Medicine and society: Neurofibromatosis and a portrait of 1 in 3000

Rachel Mindrup, Regina Idoate

Research output: Contribution to journalArticlepeer-review

Abstract

Neurofibromatosis, a genetic disorder that occurs in 1 in 3000 births, can cause tumors to grow anywhere on or in the body. The first author (RM), an artist-researcher and mother of a son living with neurofibromatosis, has painted and exhibited more than 200 portraits of people living with neurofibromatosis to raise awareness of and resources for this little-known disorder. Among many stories shared through RM's works is the story of Ashok, a Nepali man who has undergone 3 surgeries to remove facially disfiguring tumors that developed as a result of neurofibromatosis. This article analyzes portraits of Ashok and interviews that the senior author (RI) conducted with Ashok and RM during each phase of his surgical process to present a case study of their lived experience at the intersection of art and medicine that illustrates the power of portraiture as medicine.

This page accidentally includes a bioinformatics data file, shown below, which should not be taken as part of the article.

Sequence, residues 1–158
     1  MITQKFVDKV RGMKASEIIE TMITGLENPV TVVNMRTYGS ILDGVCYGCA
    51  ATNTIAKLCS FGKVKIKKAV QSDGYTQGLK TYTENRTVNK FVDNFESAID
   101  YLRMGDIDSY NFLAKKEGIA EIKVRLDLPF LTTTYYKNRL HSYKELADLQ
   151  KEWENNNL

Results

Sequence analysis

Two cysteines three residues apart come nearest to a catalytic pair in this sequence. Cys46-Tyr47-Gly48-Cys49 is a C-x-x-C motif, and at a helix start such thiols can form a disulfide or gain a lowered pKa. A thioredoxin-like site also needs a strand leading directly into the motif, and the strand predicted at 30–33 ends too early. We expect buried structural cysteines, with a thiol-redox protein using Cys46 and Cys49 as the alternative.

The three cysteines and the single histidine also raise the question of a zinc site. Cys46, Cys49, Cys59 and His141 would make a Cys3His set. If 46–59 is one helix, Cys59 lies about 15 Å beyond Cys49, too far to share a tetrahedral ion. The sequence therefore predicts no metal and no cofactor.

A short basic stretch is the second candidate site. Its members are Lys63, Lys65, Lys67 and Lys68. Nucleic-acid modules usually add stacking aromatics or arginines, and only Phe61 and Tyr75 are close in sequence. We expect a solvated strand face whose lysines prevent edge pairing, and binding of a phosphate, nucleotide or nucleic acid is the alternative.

Original languageEnglish (US)
Pages (from-to)E513-E524
JournalAMA Journal of Ethics
Volume22
Issue number6
DOIs
StatePublished - Jun 2020

ASJC Scopus subject areas

  • Issues, ethics and legal aspects
  • Health(social science)
  • Health Policy

Fingerprint Dive into the research topics of 'Medicine and society: Neurofibromatosis and a portrait of 1 in 3000'. Together they form a unique fingerprint.

Cite this